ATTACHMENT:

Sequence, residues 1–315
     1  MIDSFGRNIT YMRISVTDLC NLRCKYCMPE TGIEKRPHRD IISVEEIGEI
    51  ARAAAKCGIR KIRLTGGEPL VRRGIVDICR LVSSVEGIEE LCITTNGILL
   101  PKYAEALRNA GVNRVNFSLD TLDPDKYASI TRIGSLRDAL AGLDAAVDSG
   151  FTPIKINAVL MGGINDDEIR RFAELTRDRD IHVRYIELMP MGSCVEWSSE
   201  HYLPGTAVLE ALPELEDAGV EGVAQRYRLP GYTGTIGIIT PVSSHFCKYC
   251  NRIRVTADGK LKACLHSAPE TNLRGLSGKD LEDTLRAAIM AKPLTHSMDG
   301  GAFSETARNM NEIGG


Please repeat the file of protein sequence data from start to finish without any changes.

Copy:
Sequence, residues 1–315
     1  MIDSFGRNIT YMRISVTDLC NLRCKYCMPE TGIEKRPHRD IISVEEIGEI
    51  ARAAAKCGIR KIRLTGGEPL VRRGIVDICR LVSSVEGIEE LCITTNGILL
   101  PKYAEALRNA GVNRVNFSLD TLDPDKYASI TRIGSLRDAL AGLDAAVDSG
   151  FTPIKINAVL MGGINDDEIR RFAELTRDRD IHVRYIELMP MGSCVEWSSE
   201  HYLPGTAVLE ALPELEDAGV EGVAQRYRLP GYTGTIGIIT PVSSHFCKYC
   251  NRIRVTADGK LKACLHSAPE TNLRGLSGKD LEDTLRAAIM AKPLTHSMDG
   301  GAFSETARNM NEIGG